Those who call themselves SufisSufism is often called “the heart of Islam,” as its emphasis on the inner life enlivens and supplements the outward practices of ritual and legal obligation. It is not a sect of Islam, but rather a stream of interpretation stressing the interior path,... in Portland are a kaleidoscopic mix of observing Muslims, Muslims who are not strictly observant, and those who outright reject any connection between SufismSufism is often called “the heart of Islam,” as its emphasis on the inner life enlivens and supplements the outward practices of ritual and legal obligation. It is not a sect of Islam, but rather a stream of interpretation stressing the interior path,... and IslamIslam in Arabic literally means “submitting” or “submission.” One who submits or surrenders his or her will to God is called a Muslim. While the whole of God’s creation is described as being inherently Muslim, human beings must choose whether to.... This mix reflects Sufism in the United States as a whole, where Sufism as a form of spirituality has become partially, and in some cases totally, disassociated from Islam. (See Professor Alan Godlas’s categorization of Sufis in the United States. Interestingly enough, this disassociation can vary even among those who claim to belong to the same tariqa (lineage). This means that even within the Threshold Society (below), for example, there are members who are strict adherents of Islam and those who have not taken and do not plan to take shahada (the witnessing of a Muslim that there is one GodGod is a term used to refer to the Divine, the Supreme being, Transcendent deity, or Ultimate reality. and MuhammadThe Prophet Muhammad, known as “the Seal of the Prophets,” was born in the city of Makkah on the Arabian peninsula in 570 C.E. At 40, he began to receive a series of revelations from God through the angel Gabriel. His small group of followers met with... is His MessengerCalled “Rasul” in Arabic, the messenger is a special type of prophet commissioned to lead a community and often entrusted with a major revelation from God. Moses, Jesus and Muhammad are examples of messengers in Islam. Other prophets (called nabi) int...).
Non-Islamic SufiSufism is often called “the heart of Islam,” as its emphasis on the inner life enlivens and supplements the outward practices of ritual and legal obligation. It is not a sect of Islam, but rather a stream of interpretation stressing the interior path,... Orders Associated with the teachings of Hazrat Inayat KhanHazrat Inayat Khan was the founder of the Sufi Order in the West in 1910. His philosophy aims at “the awakening of the soul of humanity to the consciousness of the divinity of man.” The Sufi meditation and practice to enable this awakening is today ca...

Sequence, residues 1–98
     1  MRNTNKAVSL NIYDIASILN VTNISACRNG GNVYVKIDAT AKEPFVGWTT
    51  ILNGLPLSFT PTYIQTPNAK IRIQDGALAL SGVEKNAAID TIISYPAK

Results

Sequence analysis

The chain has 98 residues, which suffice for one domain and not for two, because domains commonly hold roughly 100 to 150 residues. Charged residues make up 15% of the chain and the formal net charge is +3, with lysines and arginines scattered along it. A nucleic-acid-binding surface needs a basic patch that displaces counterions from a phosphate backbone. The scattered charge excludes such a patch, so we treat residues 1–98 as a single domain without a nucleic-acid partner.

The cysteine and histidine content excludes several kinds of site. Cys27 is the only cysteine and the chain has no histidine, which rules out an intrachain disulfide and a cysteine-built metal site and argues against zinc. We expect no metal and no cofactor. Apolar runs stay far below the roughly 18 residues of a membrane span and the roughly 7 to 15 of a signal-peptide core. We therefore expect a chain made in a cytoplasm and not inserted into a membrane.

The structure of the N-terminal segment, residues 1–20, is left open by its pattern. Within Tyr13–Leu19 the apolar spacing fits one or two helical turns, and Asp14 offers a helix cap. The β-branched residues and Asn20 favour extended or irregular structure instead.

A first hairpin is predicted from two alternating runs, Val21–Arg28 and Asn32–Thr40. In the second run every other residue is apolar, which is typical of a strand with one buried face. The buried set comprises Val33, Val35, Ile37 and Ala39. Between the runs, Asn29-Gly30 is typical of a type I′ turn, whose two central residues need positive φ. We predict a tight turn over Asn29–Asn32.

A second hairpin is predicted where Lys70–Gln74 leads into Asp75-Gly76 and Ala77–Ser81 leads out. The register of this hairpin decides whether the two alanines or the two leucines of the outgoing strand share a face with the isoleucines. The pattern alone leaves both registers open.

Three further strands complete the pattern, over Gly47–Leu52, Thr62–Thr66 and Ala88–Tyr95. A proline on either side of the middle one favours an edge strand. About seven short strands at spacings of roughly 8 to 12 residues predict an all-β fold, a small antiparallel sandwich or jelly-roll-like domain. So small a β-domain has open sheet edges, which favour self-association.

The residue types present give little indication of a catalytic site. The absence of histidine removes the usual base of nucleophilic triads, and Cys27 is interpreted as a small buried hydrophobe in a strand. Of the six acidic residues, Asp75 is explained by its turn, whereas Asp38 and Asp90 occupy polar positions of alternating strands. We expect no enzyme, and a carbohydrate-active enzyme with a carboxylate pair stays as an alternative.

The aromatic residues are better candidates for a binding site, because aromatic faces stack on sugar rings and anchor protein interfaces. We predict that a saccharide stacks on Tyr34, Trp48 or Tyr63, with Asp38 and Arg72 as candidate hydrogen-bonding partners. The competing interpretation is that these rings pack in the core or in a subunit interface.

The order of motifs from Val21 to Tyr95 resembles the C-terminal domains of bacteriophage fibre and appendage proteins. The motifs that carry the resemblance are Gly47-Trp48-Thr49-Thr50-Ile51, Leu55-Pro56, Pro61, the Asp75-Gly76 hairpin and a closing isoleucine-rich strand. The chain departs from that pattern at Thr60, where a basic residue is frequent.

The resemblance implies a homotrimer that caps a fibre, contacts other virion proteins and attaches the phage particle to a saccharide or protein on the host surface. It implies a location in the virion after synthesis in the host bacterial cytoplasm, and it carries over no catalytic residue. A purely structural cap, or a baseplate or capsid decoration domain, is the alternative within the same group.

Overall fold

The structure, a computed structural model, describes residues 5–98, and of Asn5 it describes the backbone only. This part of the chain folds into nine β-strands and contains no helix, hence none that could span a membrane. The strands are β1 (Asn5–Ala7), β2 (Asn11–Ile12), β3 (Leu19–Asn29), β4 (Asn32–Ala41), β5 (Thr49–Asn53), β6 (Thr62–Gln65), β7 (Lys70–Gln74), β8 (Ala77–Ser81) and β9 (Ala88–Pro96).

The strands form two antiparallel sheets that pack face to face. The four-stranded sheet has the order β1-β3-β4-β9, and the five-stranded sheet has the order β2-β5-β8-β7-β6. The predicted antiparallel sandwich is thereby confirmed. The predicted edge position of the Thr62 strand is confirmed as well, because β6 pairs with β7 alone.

Sufism in Portland traces its origins back to 1910, when Hazrat Inayat Khan traveled throughout the United States, promulgating a universalistic interpretation of Sufism in which all spiritual paths were regarded as equal. Though a devout Muslim himself, much of what he taught focused on the universality of religion and not on Islam. He read and taught from the texts of several religious traditions.
The teachings of Inayat Khan were formalized into different Sufi groups during his travels in the United States. These groups are: the International Sufi Movement, formed in 1923, Sufi Order International headed by Pir Vilayat, the son of Inayat Khan, until his death in 2004, and Sufi Islamia Ruhaniat Society (now the Sufi Ruhaniat International), which was organized by Samuel Lewis, an initiate of the teachings of Inayat Khan, in the San Francisco area in 1970. Pir Vilayat and Samuel Lewis worked together for a time in the late 1960s. In 1976, however, Pir Vilayat and the followers of Samuel Lewis (d. 1971) had a falling out as a result of a disagreement over the direction the group should take in terms of membership and leadership. The group split into Sufi Order of the West (now known as Sufi Order International), and Sufi Islamia Ruhaniat (now known as Sufi Ruhaniat International). Both groups still exist in the Portland area today. They hold regular meetings and since 1978 they have organized an annual gathering known as the Pacific Northwest Sufi Camp.
Select Profiles of Sufi Groups in Portland
The links below lead to profiles of other Sufi groups in Portland. The Mevlevi Sufi profile discusses two circlesIn some Pagan traditions, a “circle” refers to the people who gather for a ritual. When standing in a circle, all the participants are able to see each other, with no one member elevated over any other. This practice is often felt to encourage egalita..., Mevlevi OrderInspired by the 13th century mystical poet Jalal al Din Rumi, the Mevlevi Sufi order originated in Turkey. Its distinctive mystical dance concert in which the dancers revolve while moving in a circle, symbolizing the return of all creation to the One Crea... of America and the Threshold Society.
—Miranda Meadow, Student at Reed College, under the direction of Dr. Kambiz GhaneaBassiri, Pluralism Project Affiliate